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The license bonding process: what contractors need to know

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by Daily Commercial News

There are two sides to every construction project: the project owner’s side and the contractor’s side. In both roles, certain precautions must be taken to ensure the job gets done well and according to schedule. The best way for contractors to certify that they’re highly skilled and reputable from the get-go is to be licensed and bonded according to industry requirements.

There are two sides to every construction project: the project owner’s side and the contractor’s side. In both roles, certain precautions must be taken to ensure the job gets done well and according to schedule. The best way for contractors to certify that they’re highly skilled and reputable from the get-go is to be licensed and bonded according to industry requirements.

As project owners go through the process of hiring a contractor — from obtaining referrals and interviewing candidates to narrowing the field and finalizing the deal — they should always keep one piece of criteria in mind: the contractor needs to be properly licensed and bonded. When combined, stricter building laws and increasingly valuable construction projects mean it is in a contractor’s best interest to be able to provide official licensing and bonding documentation at a moment’s notice.

So, how can contractors get licence bonds?

Most governments require surety bonds as a prerequisite to the contractor licensing process. To get bonded, contractors simply apply for a bond with the help of a commercial surety provider. Nationwide bond companies work with a variety of markets so they can provide bonds to individuals with a wide variety of financial backgrounds. For this reason, most contractors have no problem getting their licence bonds. Once they’ve been approved and have paid for their bonds, contractors receive their bond paperwork and can apply for a contractor’s license in their area.

What can go wrong during the bonding process?

There are two things that can go wrong during the bonding process:

— the applicant doesn’t understand how a surety bond works and/or why it’s needed.

— the contractor does not meet the requirements to be approved for the needed bond.

Anytime you make a big purchase or get involved in the complicated world of business insurance and legal requirements, it is best to be as knowledgeable as possible. To understand what a surety bond is, let’s break it down.

A surety bond legally and financially binds three parties together. The principal purchases the surety bond. In this case, the contractor acts as the principal. The obligee requires the principal to purchase the surety bond. In this case, a government agency or other project owner acts as the obligee. The surety provides the bond. In this case, the insurance company that backs the bond acts as the surety. When a contractor purchases a surety bond, he pledges that they will:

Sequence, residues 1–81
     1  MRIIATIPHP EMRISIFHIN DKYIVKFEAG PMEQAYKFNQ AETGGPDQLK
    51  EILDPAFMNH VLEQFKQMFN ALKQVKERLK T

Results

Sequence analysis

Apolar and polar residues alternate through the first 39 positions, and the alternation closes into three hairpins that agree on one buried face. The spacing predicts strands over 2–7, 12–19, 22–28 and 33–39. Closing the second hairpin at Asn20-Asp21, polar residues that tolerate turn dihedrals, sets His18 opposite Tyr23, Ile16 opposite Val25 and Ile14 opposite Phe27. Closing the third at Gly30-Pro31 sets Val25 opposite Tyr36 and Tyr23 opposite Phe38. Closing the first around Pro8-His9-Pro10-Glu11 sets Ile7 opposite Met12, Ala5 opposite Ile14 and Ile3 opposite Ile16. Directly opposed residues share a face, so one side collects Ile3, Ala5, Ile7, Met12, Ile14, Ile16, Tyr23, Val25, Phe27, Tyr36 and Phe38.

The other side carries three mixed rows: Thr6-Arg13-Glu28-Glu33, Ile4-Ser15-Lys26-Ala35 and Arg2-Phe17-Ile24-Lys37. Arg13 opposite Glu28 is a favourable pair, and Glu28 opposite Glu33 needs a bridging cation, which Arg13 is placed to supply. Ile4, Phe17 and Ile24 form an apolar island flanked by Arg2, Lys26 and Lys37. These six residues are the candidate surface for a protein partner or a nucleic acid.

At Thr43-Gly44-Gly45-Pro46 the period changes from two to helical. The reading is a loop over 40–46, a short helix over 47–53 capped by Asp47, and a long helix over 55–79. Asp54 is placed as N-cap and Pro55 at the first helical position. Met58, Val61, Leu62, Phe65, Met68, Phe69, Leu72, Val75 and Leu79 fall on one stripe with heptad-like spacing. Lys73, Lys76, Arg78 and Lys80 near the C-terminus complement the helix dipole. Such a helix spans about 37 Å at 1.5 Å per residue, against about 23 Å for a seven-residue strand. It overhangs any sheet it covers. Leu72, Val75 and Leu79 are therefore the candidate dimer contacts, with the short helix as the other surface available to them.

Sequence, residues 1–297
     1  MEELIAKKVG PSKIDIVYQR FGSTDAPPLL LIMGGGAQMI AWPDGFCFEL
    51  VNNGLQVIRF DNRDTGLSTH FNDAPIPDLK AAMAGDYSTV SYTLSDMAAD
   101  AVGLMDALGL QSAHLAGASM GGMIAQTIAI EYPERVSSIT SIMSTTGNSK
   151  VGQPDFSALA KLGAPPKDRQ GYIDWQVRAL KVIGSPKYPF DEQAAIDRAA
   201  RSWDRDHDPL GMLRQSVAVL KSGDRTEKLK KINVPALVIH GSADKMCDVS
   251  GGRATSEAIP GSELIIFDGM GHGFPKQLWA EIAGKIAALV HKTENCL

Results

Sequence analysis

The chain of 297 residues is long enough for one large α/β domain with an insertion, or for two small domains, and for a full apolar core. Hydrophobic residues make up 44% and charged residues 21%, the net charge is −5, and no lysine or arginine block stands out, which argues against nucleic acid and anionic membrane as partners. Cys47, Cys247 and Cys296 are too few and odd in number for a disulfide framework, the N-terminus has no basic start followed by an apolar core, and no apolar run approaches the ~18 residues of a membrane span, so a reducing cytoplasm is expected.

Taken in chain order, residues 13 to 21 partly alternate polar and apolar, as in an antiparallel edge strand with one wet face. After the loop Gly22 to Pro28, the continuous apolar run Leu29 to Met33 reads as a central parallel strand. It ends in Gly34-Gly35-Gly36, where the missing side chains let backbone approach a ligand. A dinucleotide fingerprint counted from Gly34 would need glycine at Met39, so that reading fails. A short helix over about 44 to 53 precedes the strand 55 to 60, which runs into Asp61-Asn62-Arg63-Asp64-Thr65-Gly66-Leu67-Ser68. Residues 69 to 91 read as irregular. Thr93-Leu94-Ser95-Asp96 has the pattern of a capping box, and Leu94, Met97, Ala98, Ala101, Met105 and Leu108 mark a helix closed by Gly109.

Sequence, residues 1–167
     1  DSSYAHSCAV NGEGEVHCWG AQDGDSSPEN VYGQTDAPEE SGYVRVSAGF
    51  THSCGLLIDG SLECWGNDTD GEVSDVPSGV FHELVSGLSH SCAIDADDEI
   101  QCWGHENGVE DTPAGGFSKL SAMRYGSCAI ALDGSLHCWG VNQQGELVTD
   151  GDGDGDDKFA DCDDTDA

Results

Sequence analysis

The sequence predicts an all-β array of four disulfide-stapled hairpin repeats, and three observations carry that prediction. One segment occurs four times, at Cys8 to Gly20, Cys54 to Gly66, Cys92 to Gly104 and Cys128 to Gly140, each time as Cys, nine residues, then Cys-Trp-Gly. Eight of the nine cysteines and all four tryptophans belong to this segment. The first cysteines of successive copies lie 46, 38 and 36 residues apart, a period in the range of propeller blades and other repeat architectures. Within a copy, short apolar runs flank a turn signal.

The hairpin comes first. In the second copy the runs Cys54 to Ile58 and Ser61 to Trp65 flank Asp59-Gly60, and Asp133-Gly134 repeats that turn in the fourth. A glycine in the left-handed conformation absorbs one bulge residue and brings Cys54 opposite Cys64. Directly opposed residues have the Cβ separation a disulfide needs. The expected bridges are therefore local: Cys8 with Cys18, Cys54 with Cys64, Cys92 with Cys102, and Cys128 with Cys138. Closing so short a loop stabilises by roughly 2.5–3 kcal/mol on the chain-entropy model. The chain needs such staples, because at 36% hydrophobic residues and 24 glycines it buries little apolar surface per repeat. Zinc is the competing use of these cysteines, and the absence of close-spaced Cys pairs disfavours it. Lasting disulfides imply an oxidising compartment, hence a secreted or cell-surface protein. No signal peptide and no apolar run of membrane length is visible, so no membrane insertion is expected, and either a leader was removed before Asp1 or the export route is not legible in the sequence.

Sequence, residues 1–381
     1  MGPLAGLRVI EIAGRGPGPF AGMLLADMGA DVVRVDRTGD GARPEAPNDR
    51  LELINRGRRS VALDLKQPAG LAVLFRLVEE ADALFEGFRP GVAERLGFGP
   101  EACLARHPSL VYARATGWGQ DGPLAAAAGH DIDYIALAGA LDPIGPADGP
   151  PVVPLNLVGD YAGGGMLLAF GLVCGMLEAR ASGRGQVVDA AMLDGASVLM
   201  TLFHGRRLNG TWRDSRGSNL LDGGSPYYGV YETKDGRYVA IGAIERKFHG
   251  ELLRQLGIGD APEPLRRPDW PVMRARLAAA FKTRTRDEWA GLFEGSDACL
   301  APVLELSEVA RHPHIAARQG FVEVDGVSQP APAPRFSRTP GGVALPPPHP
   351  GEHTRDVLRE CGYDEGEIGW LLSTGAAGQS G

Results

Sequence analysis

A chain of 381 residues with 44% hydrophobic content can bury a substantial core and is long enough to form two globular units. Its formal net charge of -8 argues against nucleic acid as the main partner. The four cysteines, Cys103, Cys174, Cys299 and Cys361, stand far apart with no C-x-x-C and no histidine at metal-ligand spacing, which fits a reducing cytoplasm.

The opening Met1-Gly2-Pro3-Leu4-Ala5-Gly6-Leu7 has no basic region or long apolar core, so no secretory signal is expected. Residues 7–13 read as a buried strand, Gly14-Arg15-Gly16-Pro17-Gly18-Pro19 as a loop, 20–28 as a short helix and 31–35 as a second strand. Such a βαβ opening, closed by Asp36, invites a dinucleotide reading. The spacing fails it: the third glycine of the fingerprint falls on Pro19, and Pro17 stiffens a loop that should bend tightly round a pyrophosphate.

— adhere to the terms of the contract

— follow local, provincial/state and federal regulations regarding contract and construction work

— complete the project on schedule

To put it simply, when a contractor has a surety bond, government agencies and other potential project owners know that he has a bond that financially guarantees his ability to complete projects in a skillful, reliable, timely and credible manner.

How much do contractors bonds cost?

Contractor surety bonds are some of the most commonly requested bond types, so most commercial surety producers can issue them. The cost of a contractor bond depends on a few factors, including:

— the specific contract bond type needed and its associated risk

— the bond amount required by the developer/project owner

— your personal and professional financial credentials

— in some cases, the developer/project owner’s unique requirements

For example, contractor licence bonds fall under the licence and permit bond category, which generally involves little risk. Therefore, qualified applicants receive rates that are typically one to five per cent of the bond amount. So, if a government agency requires a contractor to purchase a contractor bond worth $10,000 before he can be licensed to work in the jurisdiction, a qualified contractor will pay between $100 and $500 to purchase or renew such a bond.

As a new contractor, purchasing a surety bond should be one of the first things you do. With a bond and licence in hand, you’ll appeal to project owners who want their jobs done well. Then, as time progresses, potential employers and clients will look past the paperwork and focus solely on your reputation as a hardworking, skilled and reputable contractor.

Sara Aisenberg is the executive writer for the Surety Bonds Insider, a blog that focuses on all facets of the surety industry. For more information on contractor bonding, you can find Sara on Twitter @SaraAisenberg.

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